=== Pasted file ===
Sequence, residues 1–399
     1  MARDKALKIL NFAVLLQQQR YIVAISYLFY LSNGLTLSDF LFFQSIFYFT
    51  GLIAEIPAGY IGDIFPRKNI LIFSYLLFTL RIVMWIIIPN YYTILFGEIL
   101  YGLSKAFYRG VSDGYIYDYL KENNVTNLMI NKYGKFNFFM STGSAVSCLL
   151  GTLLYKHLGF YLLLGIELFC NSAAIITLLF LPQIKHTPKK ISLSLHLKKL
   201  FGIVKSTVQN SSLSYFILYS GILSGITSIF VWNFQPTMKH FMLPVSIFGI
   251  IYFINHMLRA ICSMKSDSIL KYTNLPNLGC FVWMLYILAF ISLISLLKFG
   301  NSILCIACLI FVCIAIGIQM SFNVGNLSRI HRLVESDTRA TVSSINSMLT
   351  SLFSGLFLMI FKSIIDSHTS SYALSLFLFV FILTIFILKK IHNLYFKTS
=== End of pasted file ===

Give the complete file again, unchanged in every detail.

Sequence, residues 1–399
     1  MARDKALKIL NFAVLLQQQR YIVAISYLFY LSNGLTLSDF LFFQSIFYFT
    51  GLIAEIPAGY IGDIFPRKNI LIFSYLLFTL RIVMWIIIPN YYTILFGEIL
   101  YGLSKAFYRG VSDGYIYDYL KENNVTNLMI NKYGKFNFFM STGSAVSCLL
   151  GTLLYKHLGF YLLLGIELFC NSAAIITLLF LPQIKHTPKK ISLSLHLKKL
   201  FGIVKSTVQN SSLSYFILYS GILSGITSIF VWNFQPTMKH FMLPVSIFGI
   251  IYFINHMLRA ICSMKSDSIL KYTNLPNLGC FVWMLYILAF ISLISLLKFG
   301  NSILCIACLI FVCIAIGIQM SFNVGNLSRI HRLVESDTRA TVSSINSMLT
   351  SLFSGLFLMI FKSIIDSHTS SYALSLFLFV FILTIFILKK IHNLYFKTS